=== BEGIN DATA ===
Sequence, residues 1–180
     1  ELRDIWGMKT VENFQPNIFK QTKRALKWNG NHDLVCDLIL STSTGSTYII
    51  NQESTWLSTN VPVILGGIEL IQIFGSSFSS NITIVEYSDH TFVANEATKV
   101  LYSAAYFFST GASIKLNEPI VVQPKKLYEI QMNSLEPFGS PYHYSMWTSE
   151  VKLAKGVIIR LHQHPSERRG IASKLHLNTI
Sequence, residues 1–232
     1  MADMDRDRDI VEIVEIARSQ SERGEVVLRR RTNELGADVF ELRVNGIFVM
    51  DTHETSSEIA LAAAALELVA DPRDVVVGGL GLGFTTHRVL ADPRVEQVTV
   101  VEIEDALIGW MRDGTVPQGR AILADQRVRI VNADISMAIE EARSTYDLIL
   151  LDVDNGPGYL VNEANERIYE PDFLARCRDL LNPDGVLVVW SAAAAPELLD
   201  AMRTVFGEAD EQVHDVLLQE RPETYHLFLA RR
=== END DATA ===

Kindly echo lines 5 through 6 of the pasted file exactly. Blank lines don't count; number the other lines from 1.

   151  VKLAKGVIIR LHQHPSERRG IASKLHLNTI
Sequence, residues 1–232